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Breaking Bad is back as a movie, says Brian Cranston, because Hollivood likes good brand – Vorld Nevs



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Posted

November 08, 2018 14:09:47

Breaking Bad gets a movie length.

Actress Brian Cranston, played by scholar-teacher-chef Valter Vhite, confirmed that the film is going on, although some form has to be left unclear.

The recording will start in New Mexico, where the original TV series is set up and filmed, according to The Journal of Albukuerkue.

Warning: this article contains spoilers

The film office in Nev-Mecico confirmed the film called Greenbrier, the search for freedom kidnapped by a man, started production, but would not confirm reports of association with Breaking Bad.

Cranston said he did not see the script, but talked about the film with the creator of the series Vins Gilligan.

"There is a question of whether we will even see Walter Witte in this film," said Cranston for radio host Dan Patrick.

"If Vince Gilligan asked me to do it, surely, absolutely. He is genius and it's a great story, and there are many people who felt they wanted to see some kind of ending on some of these stories that remained open.

"This idea, from what I was told, falls into those – at least a couple of characters who are not finished until their journey [is concerned]. "

We still do not know where the film will appear – like a movie movie or in cinemas – or who will return to the show, including Aaron Paul, who played non-hover Jesse Pinkman.

Pop culture loves spin-off, remake and reboot

This is another Breaking Bad project.

After the show Emma won at age 16 in 2013, Gilligan created Better Call Saul, who follows the titular unusual attorney of Bob Odenkirk. This show is popular and will return to the fifth series.

The milk pressure of this rich universe for additional content is part of the current obsession of pop culture and giving you things you already love.

"We are currently in what feels like a storm in terms of transforming culture and remixing culture," says Luke Buckmaster, a film and television critic at The Guardian and flicks.com.au.

You see it everywhere: the return has to be returned, Sabrina Venus has been restored. In the last few years there have been Twin Peaks, Gilmore Girls and Vill & Grace.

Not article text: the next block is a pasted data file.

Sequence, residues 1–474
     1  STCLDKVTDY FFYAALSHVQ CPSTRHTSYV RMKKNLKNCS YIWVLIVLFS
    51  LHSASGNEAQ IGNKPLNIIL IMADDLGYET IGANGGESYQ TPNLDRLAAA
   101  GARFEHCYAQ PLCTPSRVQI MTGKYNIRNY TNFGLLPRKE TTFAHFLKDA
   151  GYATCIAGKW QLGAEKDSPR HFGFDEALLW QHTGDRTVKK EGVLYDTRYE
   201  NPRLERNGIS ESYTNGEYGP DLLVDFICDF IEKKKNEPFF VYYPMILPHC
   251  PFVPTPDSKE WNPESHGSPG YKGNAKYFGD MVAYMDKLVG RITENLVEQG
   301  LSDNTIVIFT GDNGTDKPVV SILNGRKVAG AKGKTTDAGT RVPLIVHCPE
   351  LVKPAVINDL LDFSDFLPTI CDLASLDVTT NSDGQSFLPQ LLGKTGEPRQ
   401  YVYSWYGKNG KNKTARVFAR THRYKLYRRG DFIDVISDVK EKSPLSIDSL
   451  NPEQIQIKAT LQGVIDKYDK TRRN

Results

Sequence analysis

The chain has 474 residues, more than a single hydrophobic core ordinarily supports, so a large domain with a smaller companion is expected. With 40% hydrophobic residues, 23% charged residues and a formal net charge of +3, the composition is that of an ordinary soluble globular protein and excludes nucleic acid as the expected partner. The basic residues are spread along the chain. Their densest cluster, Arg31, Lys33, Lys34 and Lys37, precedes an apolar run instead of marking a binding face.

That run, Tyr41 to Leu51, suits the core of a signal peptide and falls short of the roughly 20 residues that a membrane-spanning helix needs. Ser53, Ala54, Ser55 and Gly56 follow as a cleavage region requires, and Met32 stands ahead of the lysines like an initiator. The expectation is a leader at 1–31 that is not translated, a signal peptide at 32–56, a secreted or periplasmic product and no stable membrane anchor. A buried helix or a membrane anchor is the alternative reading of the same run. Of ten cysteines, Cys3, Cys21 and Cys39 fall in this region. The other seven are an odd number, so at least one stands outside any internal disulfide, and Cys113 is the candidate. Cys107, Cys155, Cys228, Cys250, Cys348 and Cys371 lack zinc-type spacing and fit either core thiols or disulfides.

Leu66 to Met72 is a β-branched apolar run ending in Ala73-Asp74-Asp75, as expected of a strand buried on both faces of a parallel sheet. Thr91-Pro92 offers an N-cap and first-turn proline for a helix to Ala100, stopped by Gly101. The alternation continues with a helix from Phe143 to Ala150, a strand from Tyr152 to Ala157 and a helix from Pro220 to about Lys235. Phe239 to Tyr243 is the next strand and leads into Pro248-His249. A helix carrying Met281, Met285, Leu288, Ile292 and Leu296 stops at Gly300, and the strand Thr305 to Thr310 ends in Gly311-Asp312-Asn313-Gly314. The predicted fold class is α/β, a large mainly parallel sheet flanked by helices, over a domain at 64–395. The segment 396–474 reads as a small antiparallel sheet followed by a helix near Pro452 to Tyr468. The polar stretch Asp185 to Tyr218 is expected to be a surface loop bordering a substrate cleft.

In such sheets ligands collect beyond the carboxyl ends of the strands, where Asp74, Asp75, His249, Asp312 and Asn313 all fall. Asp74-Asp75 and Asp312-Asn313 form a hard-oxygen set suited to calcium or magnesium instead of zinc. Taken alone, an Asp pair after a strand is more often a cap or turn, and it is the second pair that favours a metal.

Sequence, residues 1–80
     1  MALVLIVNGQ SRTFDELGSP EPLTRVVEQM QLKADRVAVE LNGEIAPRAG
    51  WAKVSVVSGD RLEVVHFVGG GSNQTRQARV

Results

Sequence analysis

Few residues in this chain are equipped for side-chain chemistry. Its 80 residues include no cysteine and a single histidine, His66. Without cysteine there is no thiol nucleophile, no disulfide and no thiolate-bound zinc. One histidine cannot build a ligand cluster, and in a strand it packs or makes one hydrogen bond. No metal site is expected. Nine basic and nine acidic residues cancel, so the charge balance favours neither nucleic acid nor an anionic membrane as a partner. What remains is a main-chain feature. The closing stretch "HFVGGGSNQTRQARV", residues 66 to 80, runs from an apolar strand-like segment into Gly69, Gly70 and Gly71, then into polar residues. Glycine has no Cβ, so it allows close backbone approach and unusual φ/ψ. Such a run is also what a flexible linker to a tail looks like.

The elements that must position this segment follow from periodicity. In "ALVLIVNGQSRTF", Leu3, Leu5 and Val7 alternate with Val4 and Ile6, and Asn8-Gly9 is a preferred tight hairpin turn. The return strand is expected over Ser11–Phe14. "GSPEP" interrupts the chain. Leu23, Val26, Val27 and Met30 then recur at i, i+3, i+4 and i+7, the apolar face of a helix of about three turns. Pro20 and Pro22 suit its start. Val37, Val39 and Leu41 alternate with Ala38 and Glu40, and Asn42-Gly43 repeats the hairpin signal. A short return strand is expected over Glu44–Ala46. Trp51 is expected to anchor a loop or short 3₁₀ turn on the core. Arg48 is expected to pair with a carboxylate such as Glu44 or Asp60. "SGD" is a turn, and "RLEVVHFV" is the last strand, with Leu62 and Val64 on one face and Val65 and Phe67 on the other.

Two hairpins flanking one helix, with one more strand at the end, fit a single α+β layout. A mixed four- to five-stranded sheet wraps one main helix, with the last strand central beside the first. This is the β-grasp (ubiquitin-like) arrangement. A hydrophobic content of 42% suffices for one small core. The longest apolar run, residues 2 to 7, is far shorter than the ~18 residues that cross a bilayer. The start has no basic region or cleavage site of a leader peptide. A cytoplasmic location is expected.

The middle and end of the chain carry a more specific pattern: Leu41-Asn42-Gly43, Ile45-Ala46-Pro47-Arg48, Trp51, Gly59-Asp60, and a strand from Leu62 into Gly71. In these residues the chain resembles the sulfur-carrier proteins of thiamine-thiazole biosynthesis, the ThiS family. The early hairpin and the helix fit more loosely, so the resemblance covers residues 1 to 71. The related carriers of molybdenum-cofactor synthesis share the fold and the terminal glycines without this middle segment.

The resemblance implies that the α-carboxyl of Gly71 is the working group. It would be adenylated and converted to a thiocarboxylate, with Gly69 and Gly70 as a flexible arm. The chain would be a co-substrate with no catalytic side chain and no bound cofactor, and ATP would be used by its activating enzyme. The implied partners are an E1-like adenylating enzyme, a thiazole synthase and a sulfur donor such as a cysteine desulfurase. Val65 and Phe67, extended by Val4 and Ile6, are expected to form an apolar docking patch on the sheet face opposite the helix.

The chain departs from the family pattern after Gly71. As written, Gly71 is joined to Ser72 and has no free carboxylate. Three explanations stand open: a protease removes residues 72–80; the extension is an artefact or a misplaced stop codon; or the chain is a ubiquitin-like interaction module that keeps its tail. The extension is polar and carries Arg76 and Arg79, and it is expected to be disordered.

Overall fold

In the entertainment industry, which encourages the studio to throw money on the project, it has changed, Buckmaster says.

"Sometimes these stars have led to the popularity of the movie at the box office," he said. "Now it's all about brands.

"I think it's only a matter of time before we get the Soprano film – without Tony, of course – or the movie Mad Men".

Critic Dan Barrett, from the Alvais Vatching online newsletter, agreed, comparing it with the announcement this week that AMC, a network that was broadcasting Breaking Bad in the US, will soon make three films based on the popular TV series The Valking Dead.

"Today the audience, overwhelmed by choice, are looking for brands and worlds on the screen to already have some knowledge," said Barrett.

"AMC cares about this by giving the audience what they want, but delivering the familiar material in a way that is different."

Where would the Breaking Bad film shoot the characters?

Both critics say it's still good enough for Breaking Bad, and Gilligan has proved his ability to do a good job.

In the final scene of the fifth season, after Bajt used a robotized automatic pistol to kill the gang of neo-Nazis, Jesse was shown driving in a hysterical condition, while Valter dying from a wound of a firearm.

Thursday's reports suggest the film will watch what happened to Jesse after that moment.

"Breaking Bad's main themes have always been related to the morale and self-esteem of characters, are they right with the decisions they make," said Barrett.

"A bad bad movie can take place in any number of directions, but if it remains faithful to Breaking Bad, I think fans will be content with what Vince Gilligan comes to."

Buckmaster said a Breaking Bad-based movie would be worthwhile since the TV series was "one of the greatest and certainly one of the most important programs in history."

Last year, Gilligan told the Nevs Breakfast that he felt a lot of pressure to gather the latest episode, which was made by more than 10 million people when it was broadcast in the United States.

"I was thinking about Sopranos – which I really love the end – but it was polarized," he said.

"Selfishly, I did not want to be polarized. I wanted everyone to love it."

Topics:

film films,

art and entertainment,

popular culture,

United States

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